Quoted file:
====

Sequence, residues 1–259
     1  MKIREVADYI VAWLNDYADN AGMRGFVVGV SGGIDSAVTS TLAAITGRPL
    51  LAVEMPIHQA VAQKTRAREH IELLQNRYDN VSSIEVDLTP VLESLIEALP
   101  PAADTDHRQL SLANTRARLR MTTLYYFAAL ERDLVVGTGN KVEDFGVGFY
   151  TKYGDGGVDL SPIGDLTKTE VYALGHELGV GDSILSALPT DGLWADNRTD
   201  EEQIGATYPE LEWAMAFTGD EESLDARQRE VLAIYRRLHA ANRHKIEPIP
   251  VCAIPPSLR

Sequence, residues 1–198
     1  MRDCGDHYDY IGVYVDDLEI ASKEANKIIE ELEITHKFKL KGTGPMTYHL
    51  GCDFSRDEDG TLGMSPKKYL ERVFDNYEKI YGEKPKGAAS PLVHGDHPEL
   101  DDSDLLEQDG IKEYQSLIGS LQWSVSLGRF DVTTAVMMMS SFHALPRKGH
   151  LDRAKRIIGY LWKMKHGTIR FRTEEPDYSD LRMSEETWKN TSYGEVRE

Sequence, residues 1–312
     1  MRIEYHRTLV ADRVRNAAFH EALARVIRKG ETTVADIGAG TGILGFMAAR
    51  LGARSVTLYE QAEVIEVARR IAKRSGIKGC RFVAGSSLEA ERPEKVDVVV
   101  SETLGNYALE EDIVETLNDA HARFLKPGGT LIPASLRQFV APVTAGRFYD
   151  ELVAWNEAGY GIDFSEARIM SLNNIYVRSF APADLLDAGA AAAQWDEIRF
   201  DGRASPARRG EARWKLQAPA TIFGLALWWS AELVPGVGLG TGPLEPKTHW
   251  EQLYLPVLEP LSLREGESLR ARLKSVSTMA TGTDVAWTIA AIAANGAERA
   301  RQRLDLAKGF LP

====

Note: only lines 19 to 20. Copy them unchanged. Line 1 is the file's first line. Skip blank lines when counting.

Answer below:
   251  EQLYLPVLEP LSLREGESLR ARLKSVSTMA TGTDVAWTIA AIAANGAERA
   301  RQRLDLAKGF LP